A Daley of Chicago Makes History, Convicted in Federal Court. So What Do Bees Have To Do With It?

By John Kass

With Chicago history having just been made, with a Daley convicted on all counts in federal court, the first Daley ever charged with federal crime, you might find historical perspective in the insect world.

Consider a hive of bees. What do bees have to do with it?

For decades, the Daleys were like the queen bee–or is that a king bee?–protected by all the worker bees of the Chicago political hive.

I’m not talking about the Chicago that is now, the once great city savaged by incompetent governance and lockdown politics killing small business, a city suffering from increasing violent crime with the spring thaw approaching, the threatened menace of heat still to come, with residents fleeing and downtown commercial office space vacant and shuttered.

But the Chicago that until a very short time ago was working, like a beehive, at least politically. Worker bees making certain there was plenty of royal jelly for the royal family to taste, while protecting them with their stingers.

And some were buffers, protecting the precious royals with their own bodies from those cold and deadly federal winds. Every so often a minor bee might fall forgotten to the floor (or go to prison).

But then, who remembers the drones? For decade after decade, the one thing you could be sure about in political Chicago was that the Daleys were not drones.

And so, given all that, this week in federal court, and for the first time in the city’s history, a Daley was put on trial and was convicted of federal crime.

Chicago Ald. Patrick Daley Thompson, 11th, bears a striking resemblance to his grandfather, the late Mayor Richard J. Daley, who was meticulous in appearance, disciplined and determined to outwork his rivals. He was politically ruthless, yes, but with a sense of humility. And he was cautious.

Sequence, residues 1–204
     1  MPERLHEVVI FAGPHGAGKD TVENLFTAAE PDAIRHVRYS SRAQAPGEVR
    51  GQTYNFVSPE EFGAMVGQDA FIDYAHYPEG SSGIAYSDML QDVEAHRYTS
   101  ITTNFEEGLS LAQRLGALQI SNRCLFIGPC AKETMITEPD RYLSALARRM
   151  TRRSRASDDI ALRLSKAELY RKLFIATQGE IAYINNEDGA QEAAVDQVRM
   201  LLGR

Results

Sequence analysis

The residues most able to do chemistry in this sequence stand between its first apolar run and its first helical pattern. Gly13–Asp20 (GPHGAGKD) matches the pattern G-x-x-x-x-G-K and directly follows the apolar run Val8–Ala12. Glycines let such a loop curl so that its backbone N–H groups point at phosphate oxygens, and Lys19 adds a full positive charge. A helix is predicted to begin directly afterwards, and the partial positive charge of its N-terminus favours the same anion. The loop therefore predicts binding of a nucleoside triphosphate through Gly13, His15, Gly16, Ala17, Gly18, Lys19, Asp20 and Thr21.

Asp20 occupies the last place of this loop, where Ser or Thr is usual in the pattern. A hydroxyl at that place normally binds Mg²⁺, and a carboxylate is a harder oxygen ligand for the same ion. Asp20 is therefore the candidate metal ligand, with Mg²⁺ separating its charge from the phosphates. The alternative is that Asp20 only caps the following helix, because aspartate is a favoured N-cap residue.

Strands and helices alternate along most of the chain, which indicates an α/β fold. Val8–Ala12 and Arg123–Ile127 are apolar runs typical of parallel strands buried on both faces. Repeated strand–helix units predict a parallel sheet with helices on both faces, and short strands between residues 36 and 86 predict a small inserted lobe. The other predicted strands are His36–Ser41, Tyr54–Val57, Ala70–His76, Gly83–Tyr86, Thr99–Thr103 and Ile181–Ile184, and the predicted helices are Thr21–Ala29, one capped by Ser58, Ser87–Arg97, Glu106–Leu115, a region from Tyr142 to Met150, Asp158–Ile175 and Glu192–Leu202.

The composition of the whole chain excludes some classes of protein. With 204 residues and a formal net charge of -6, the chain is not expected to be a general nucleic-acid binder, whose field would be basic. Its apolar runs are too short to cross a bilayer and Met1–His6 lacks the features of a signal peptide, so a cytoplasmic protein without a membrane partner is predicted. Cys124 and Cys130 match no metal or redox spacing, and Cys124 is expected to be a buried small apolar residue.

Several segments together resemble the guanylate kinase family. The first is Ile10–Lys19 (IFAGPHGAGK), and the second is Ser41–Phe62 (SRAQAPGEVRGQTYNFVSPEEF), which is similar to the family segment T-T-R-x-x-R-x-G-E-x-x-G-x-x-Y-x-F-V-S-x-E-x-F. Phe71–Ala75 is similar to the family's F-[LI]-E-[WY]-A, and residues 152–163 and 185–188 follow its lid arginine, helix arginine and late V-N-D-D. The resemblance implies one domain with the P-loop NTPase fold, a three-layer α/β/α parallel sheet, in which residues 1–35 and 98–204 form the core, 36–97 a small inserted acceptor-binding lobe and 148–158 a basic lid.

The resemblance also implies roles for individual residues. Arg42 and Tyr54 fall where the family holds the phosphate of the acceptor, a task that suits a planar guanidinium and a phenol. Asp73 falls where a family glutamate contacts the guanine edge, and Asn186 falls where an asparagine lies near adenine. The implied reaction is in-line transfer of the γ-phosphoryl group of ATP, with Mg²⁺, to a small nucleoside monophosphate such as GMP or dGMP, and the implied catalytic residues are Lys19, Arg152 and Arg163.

The alderman is also the nephew of the former Mayor Richard M. Daley, the Fredo of the family, a completely different man than Richard J.

Richard M. was sloppy of mind, well-known for a personality that harbored deep insecurity along with the unbridled arrogance of a man who acted as if he’d never, ever have any problem with the feds.

 Ald. Daley Thompson, of the family’s hereditary 11th Ward, was convicted by a jury on all counts of tax fraud and of lying to federal agents in what amounts to a larger case of bank fraud. He now faces federal prison. He is the first and only Daley indicted on federal charges.

Four Illinois governors have gone to prison. But a Chicago mayor has never been indicted. Is this just pure coincidence, or a Chicago Way miracle?

Ald. Daley Thompson’s defense team just couldn’t put him on the stand to deny, deny, deny. He’s a lawyer with an historic Chicago political name and a pedigree and DNA that speak to detail. So, his defense counsel, which really didn’t have much to work with, decided they had to present him to the jury as a dummy, as scatterbrained, sloppy, unprepared with a bad memory.

It was a version of the old Fedzheimer’s defensive tactic used by his uncle whenever reporters began asking about some kinky multi-million contract going to some crony. Richard M. Daley couldn’t remember a thing, sometimes babbling nonsensical denials, his voice squeaking.